It’s far less labour intensive to build than you think (Picture: Craig Murdoch / Caters News)
A hero dad has transformed his back garden into a magical ice rink for under £30.
Given how ‘ice hockey obsessed’ his kids are, Craig Murdoch, 47, decided to build the impressive ice rink after new coronavirus restrictions shut sports facilities again.
It took just two days to create and Craig’s family had about two weeks of every day use on the mini ice rink.
His children Harry, 19, Arran, 11, and five-year-old Anna loved skating and playing hockey at home in Coylton, South Ayrshire.
Craig, who works as a technician, said: ‘Our kids are ice hockey obsessed and the rinks have been closed on and off for most of the year, so we wanted to give them a chance to get back on the ice.
‘They think it’s great that we have our own ice rink in the back garden.’
Craig built the ice rink with a cheap set up, consisting of scrap tinder and water – with the edge timbers costing £15 and the heavy duty polythene sheet just £12.
He assembled the ring by cutting the timber to length to form an edge kerb, then laying trimmed polythene on top. After adding a few inches of water he then waited for the cold to freeze it over and complete the job.
‘It took about an hour to cut and fix the timbers,’ he said.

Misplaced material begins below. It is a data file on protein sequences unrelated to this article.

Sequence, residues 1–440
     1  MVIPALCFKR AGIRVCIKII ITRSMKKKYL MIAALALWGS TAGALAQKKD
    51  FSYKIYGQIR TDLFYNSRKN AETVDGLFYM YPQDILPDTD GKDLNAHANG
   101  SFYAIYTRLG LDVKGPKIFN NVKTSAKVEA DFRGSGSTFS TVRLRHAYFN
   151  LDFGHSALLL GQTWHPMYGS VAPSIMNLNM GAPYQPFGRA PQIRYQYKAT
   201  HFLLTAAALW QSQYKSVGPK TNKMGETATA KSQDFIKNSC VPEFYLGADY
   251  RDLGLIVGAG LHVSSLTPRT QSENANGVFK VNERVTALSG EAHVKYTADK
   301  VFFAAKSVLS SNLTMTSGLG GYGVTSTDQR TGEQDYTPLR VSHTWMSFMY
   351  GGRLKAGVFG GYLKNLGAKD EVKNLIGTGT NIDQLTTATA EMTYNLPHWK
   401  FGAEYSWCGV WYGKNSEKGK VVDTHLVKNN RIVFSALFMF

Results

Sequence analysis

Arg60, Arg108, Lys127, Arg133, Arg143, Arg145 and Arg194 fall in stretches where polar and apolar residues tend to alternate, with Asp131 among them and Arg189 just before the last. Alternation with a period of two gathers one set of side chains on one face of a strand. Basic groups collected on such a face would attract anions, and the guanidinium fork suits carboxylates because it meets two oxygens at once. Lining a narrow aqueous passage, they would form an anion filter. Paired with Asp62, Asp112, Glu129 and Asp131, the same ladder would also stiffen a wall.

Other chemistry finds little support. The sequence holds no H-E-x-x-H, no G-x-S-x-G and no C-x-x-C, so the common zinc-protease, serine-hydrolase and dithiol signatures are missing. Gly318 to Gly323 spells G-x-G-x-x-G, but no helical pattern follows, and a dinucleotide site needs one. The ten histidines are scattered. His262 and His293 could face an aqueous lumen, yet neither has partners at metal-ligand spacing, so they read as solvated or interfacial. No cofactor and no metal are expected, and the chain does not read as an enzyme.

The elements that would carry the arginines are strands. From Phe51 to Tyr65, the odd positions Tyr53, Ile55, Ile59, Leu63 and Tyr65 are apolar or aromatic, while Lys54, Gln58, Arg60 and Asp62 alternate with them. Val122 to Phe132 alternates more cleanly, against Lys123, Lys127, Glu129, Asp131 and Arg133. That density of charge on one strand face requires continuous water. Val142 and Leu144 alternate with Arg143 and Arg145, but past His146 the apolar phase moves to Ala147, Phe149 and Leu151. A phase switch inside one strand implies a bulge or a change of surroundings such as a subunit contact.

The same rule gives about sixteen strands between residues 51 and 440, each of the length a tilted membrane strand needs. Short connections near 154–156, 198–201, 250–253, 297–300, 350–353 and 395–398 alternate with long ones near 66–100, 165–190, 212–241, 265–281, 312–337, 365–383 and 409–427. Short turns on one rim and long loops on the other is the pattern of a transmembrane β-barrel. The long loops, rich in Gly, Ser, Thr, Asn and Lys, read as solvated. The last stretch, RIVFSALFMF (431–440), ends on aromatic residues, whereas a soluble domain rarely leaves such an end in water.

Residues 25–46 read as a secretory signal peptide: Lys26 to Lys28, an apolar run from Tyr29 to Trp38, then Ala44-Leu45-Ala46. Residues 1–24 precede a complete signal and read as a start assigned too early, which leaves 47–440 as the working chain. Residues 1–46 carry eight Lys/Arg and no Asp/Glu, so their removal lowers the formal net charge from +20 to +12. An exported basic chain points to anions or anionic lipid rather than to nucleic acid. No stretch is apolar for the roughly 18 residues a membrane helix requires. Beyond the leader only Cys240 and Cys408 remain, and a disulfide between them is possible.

‘My deck is an octagonal shape so there’s maybe a bit more cutting and mitring than a square deck would take.
The make-shift rink cost less than £30 to build (Picture: Craig Murdoch / Caters News)
‘The polythene comes in a roll; simply unroll it and lay it out over the deck, try to flatten it out as much as possible and make sure the edges turn up against the inside of the timber kerb.
‘No need to fix it, the weight of the water will hold it in place.
Craig’s kids like to play ice hockey (Picture: Craig Murdoch / Caters News)
‘Add water with a garden hose – or a bucket – until it’s about two inches deep. A day or two of cold enough weather and it will be frozen solid and can be walked or skated on.
‘After a couple of hours of skating the ice can get quite cut up, but we’ve found the best way to get it back to a nice sheet of ice is to brush off the loose stuff and use a mop and bucket of warm water right over the surface.
‘It melts flat any rough bits and fills any scores but quickly cools and refreezes.’
Craig says his kids ‘love it’ and they’ve been ‘messing about on it’ non-stop.
That’s one way to see the lockdown through.
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